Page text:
Honors English 10
8 November, 2012
Tragic heroes have certain requirements they need to fulfill in order to be considered a tragic hero. For example, they need to have stature or greatness, but also have a tragic flaw that leads to a tragic mistake. In the tragedy Antigone, by Sophocles, Creon does not want people to bury a traitor named Polyneices, and when he is buried by Antigone, Creon sentences her to death. In the story Antigone, there is some debate about whether Creon or Antigone is the real tragic hero of the play. Creon is the true tragic hero of Antigone because he shows the tragic hero traits better than Antigone does.
One reason Creon is the tragic hero is because he has stature and greatness. “But now at last our new King is coming: Creon of Thebes, Menoikeus' son” (Episode 1, line 1-3). This quote is describing Creon coming out of the palace to say what he has decided as King to do about Polyneices, the anarchist that rebelled against Creon. The quote shows that Creon is important because the person saying the quote, the Choragos, addresses him as King of Thebes. Creon being the king also shows he has more stature than Antigone because he is a king, whereas Antigone is only a princess. Creon's high stature as King also contributes to his personality of being very prideful.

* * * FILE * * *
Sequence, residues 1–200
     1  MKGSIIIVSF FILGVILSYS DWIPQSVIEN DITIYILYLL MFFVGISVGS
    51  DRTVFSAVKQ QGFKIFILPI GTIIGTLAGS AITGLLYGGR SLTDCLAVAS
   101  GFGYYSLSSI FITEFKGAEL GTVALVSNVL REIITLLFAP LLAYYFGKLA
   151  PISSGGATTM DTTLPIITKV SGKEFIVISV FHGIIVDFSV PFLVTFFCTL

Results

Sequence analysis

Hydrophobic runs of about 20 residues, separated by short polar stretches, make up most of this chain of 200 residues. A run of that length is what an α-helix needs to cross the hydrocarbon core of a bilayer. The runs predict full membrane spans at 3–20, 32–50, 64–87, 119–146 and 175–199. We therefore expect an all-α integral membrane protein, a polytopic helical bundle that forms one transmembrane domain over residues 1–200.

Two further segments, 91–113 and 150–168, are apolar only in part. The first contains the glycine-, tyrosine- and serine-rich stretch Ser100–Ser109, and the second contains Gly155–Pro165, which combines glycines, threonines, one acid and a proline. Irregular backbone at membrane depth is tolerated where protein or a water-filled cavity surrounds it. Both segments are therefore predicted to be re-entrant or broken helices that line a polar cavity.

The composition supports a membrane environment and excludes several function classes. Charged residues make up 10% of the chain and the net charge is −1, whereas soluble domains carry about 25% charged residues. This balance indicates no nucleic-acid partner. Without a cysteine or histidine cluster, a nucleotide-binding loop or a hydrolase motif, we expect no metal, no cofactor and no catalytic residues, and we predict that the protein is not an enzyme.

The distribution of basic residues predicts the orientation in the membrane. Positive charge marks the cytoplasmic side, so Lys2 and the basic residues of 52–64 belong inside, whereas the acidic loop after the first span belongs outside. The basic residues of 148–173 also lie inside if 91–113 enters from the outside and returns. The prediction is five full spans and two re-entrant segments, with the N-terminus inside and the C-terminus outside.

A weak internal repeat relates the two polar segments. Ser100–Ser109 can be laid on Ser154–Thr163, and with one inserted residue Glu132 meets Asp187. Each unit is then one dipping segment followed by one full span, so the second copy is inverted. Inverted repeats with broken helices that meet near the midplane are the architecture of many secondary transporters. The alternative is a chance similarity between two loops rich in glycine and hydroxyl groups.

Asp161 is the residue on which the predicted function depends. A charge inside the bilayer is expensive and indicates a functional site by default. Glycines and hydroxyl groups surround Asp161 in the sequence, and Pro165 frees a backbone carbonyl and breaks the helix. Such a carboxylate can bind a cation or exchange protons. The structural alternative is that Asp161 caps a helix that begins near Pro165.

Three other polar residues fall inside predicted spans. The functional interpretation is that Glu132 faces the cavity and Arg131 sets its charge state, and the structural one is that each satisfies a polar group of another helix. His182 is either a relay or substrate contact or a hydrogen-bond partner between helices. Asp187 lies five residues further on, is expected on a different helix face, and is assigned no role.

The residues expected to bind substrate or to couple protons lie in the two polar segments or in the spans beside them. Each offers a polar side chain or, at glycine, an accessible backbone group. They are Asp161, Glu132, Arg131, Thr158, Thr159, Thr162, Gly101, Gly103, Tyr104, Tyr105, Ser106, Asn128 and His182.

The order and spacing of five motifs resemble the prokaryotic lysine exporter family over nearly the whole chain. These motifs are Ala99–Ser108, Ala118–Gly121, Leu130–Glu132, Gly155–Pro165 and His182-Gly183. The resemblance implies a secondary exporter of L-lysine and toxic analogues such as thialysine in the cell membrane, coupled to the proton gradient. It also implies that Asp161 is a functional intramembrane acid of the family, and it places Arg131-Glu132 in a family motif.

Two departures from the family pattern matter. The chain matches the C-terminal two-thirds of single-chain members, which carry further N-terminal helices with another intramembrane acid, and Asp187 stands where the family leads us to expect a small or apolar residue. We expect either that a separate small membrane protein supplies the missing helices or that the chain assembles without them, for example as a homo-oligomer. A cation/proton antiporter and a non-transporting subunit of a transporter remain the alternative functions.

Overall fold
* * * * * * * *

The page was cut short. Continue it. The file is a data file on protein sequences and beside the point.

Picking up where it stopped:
Creon is also a better tragic hero than Antigone because of his tragic flaw, which is that he's very hubristic, or has an excessive amount of pride. “My voice is the one giving orders in this city!” (Episode 3, line 104-105). Creon is arguing with Haimon about Antigone's sentence, and Creon believes that he shouldn't have to take orders from his own son, and that he is the one making the rules in Thebes, not Haimon. The quote is important because Creon believes that he is right, even when Haimon is telling him that the gods believe otherwise. Creon is putting himself above the gods' law because the information is coming from a boy...